If you want to do what we did and visit some of the less excesible sites and attraction on the way between the two towns you will need to book a private transfer. This however is not cheap we negotiated a price of 250 soles through our hostal. This would pick us up from our accommodation and take us to three sites, Moray, The salt pans and Chinchero. It would then drop us off at our accommodation in Pisac. Unfortunately Chris got ill and we had to skip the salt pans so we didn’t get to visit but the idea was a good one.
What sites did we visit en route to Pisac?
There are two sites included on the Cusco Tourist Ticket that you can visit en route to Pisac.
Activity – Inca Ruin – Entry with the Cusco Tourist Ticket
This site contains Inca ruins, mostly consisting of several terraced circular depressions, the largest of which is approximately 30 metres deep. As with many other Inca sites, it also has quite a sophisticated irrigation system. We don’t know what this site was used for, but its depth, design, and orientation with respect to wind and sun creates a significant temperature difference between the top and the bottom so they could have been for agriculture or religious purposes. We can only guess but the site is impressive nonetheless.
Activity – Ancient Incan Town – Entry with the Cusco Tourist Ticket
The ancient town of Chinchero is one of the most beautiful Incan sites in the Sacred Valley Peru. A wonderful place where you can still feel and see the Inca culture as it was in times past. It has an wide open plaza based on what was an Inca palace, with a typical Sunday fair where ancient crafting is still done and where the local people dress up in the typical clothing of their ancestors. When we visited there were a few ladies selling their wares in the main plaza. The site also has a beautiful little church – The Church of the Virgin of Nativity in Chinchero and a museum telling the story of Chinchero through the ages.
Where to stay in Pisac?
Pisac, like many other small towns and villages in the Cusco area, has a variety of accommodation to suit most peoples budgets, from shared dorm rooms to more luxury type hotels. We chose to stay in a hostel that was classed as a boutique hotel and it was a really good choice, apart from it being a vegan hotel that was, but hey, we survived. Our accommodation was the Ubuuntu Boutique Hotel and it was lovely. Our room was large and the bed was comfy and the water in the shower was hot. The breakfast, being a vegan hotel, was based around pancakes, fruit and advocado and we did miss our eggs and the day we tried a vegan cappuccino will remain in our memory for a long time but it was an experience and the hotel was great. The staff were lovely and available to help with any guidance to the sites or transport help. The best thing about this hotel was that it was literally ten steps away from the main square so could not be more central.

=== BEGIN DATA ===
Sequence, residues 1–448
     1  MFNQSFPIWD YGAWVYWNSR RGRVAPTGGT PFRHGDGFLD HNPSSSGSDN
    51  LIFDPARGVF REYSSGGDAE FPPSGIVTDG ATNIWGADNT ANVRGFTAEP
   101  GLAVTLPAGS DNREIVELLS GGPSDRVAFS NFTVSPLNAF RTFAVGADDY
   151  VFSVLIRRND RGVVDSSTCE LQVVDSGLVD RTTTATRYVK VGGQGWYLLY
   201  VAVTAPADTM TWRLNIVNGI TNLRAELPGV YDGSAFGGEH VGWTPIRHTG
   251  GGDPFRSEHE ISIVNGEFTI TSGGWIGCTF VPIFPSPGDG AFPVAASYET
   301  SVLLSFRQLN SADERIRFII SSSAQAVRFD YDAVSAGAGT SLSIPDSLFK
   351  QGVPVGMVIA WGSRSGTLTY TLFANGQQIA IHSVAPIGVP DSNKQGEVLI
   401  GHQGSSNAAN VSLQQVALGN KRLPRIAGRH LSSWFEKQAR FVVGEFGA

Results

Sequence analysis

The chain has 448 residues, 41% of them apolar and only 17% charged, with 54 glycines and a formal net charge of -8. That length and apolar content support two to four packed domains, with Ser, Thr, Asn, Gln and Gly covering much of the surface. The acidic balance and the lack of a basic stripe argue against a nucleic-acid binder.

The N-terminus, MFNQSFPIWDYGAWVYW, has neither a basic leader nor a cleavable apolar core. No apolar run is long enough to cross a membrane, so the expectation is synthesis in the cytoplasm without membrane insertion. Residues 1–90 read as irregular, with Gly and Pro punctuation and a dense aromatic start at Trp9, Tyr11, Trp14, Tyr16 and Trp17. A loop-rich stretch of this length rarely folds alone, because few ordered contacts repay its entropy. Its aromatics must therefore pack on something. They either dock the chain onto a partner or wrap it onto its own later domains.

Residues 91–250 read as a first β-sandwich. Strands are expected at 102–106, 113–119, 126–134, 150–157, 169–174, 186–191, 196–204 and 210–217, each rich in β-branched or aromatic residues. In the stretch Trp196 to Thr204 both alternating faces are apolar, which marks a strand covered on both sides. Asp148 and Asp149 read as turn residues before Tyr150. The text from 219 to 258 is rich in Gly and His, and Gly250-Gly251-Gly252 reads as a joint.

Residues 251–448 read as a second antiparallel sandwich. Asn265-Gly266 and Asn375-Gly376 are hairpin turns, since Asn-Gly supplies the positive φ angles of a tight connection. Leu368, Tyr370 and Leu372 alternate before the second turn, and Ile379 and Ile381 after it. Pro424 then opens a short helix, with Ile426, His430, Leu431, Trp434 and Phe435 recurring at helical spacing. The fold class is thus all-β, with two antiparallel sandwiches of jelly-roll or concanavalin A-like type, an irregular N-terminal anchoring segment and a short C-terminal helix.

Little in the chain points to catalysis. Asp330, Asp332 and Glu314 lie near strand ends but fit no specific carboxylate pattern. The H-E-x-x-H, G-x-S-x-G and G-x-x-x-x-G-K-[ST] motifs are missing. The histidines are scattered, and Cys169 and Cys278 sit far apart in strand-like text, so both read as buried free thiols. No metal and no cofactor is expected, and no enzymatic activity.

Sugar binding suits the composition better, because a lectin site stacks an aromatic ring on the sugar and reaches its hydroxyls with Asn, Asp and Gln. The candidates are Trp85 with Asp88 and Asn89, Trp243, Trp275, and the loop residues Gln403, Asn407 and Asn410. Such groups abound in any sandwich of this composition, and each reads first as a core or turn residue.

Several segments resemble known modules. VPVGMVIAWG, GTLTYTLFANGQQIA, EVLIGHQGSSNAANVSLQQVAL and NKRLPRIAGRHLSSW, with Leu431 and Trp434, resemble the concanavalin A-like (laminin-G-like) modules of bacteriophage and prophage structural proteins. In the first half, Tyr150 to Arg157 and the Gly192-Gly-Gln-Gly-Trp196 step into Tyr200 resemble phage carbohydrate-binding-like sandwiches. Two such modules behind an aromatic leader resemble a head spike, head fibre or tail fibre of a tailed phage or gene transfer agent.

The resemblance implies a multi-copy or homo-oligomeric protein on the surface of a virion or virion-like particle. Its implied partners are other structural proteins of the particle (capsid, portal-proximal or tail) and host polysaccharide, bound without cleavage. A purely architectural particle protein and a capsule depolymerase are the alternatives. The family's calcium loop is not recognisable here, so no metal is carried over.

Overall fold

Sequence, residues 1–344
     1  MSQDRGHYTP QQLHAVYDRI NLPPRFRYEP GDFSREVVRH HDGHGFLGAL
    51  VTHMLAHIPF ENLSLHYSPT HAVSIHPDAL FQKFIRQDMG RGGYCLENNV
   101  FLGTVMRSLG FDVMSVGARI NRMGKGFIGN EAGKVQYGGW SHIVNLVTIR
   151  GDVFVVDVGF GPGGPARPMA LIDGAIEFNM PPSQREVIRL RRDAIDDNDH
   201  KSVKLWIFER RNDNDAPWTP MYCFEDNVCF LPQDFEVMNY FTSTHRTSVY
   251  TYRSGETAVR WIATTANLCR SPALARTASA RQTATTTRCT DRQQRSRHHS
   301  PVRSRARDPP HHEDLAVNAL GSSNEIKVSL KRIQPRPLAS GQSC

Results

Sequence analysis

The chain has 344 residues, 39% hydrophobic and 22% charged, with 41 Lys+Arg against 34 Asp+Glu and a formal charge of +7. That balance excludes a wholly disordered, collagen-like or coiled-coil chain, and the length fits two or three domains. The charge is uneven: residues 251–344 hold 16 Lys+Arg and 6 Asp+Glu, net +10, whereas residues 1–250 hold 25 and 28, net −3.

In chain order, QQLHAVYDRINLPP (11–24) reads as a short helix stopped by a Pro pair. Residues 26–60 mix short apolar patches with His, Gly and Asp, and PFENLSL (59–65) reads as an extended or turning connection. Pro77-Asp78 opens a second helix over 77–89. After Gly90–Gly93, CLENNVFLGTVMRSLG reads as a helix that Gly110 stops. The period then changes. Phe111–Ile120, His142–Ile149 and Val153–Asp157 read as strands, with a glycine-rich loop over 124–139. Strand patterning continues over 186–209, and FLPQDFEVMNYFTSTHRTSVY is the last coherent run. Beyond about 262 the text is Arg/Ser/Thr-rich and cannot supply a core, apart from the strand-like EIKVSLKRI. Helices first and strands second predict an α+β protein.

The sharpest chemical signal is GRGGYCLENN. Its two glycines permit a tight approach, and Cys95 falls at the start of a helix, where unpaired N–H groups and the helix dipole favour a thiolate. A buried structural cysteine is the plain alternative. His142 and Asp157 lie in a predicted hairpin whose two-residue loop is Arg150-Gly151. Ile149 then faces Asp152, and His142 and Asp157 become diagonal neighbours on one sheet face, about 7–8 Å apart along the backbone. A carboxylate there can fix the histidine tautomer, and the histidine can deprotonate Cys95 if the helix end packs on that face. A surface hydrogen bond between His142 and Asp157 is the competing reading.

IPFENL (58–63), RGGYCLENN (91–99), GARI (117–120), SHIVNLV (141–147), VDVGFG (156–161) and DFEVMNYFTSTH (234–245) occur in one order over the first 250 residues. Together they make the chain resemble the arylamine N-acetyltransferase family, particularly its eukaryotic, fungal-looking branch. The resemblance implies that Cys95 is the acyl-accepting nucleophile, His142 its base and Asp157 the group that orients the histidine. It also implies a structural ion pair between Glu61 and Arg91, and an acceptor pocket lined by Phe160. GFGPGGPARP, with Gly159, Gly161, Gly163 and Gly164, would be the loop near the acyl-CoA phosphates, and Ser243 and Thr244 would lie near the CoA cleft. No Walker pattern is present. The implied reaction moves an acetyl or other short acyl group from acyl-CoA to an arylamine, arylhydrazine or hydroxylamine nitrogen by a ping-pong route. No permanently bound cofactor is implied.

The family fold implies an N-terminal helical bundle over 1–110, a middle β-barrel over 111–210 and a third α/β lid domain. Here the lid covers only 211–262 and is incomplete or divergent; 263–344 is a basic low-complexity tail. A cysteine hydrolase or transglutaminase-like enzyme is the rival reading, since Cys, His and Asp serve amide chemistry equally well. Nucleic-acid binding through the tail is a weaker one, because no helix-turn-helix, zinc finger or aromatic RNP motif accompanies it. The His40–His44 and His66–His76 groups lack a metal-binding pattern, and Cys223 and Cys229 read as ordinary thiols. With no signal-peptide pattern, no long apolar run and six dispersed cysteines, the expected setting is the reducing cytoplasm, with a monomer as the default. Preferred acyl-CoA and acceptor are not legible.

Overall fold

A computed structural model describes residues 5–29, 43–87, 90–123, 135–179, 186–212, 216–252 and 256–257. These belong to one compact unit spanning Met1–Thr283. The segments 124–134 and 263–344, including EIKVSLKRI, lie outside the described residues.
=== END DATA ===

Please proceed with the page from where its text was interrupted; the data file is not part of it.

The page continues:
What ancient sites are there in Pisac?
To reach the main archeological site in Pisac it is best to take a taxi to the top and then walk back down through the different ancient areas to the town. You can walk directly from the town but its about a two hour walk upwards, approx 4km, and if the sun is out then it will a tough climb. We chose to get a taxi in town, right next to the orange bridge on the road to Cusco, and take it up to the top entrance of the archeological site and then make our way down. The taxi only cost 10.00 PEN each as we shared with an Irish family.
The Pisac ruins are said to be amoungst the best intact Inca sites in Peru. Located high on the mountain overlooking the town of Pisac. This was the best site we visited in the sacred valley. Once we exited the taxi and made our way into the site everywhere you turned there were impressive buildings. Its said that this site served different functions. military, agricultural and religious and you can find evidence of all these in the different sectors. We found that the site, in the morning was really busy with loads of tours but after 11.00am the tour buses left for other sites and we practically had the place to ourselves.
The sweeping terraces which you can see from afar and dominate the central point of the site signify the agricultural element of this site. The temple of the sun with its large smooth well apointed stones lean to the religious aspect and the height of the structures on the mountain tell the military story.
The four main groups of ruins you’ll encounter are P’isaqa, Inti Watana, Qalla Q’asa, and Kinchiraqay. Once you’ve visited the sites at the top of the mountain you can make your way down paths that run down the sides of the terraces or alternatively you can walk up to the mirador and take the path there. By choosing the mirador route you’ll miss the ruins of old Pisac town that you see on the way down but its up to you which one you choose.
The walk down takes you right to the bottom entrance of the archelogocial park and comes out at the Plaza de Armas in the centre of Pisac. If you have time and a few spare coins then get a fresh orange juice from the lady just outside the gate. Its incredibly refreshing after a long walk down the hillside.
We enjoyed visiting The sacred valley Peru very much staying in the two villages gave us more options and a greater length of time to explore. If you’re short of time you can visit with a tour from Cusco but if you can stay a while we’re sure you won’t regret it. There’s loads to do and see and it really is like stepping back in time when you see some of the ruins and how intact they are.
Booking resources for your stay in Cusco
Tours & Tickets
You can book your visits as you go at the entrance to your chosen attraction or site. Or you could use the following links to book in advance or just to find out what your choices are in the area. GetYourGuide and Tiqets are our go to choices you could try Viator to see how they compare.
For a full list check out our resources page. Don’t forget always shop around to find the best deal for you. What works for us should be good for you but it’s always reassuring to check.
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Machu Picchu must be on everyone’s to do list, the Inca Trail is the most exhilarating way to get there.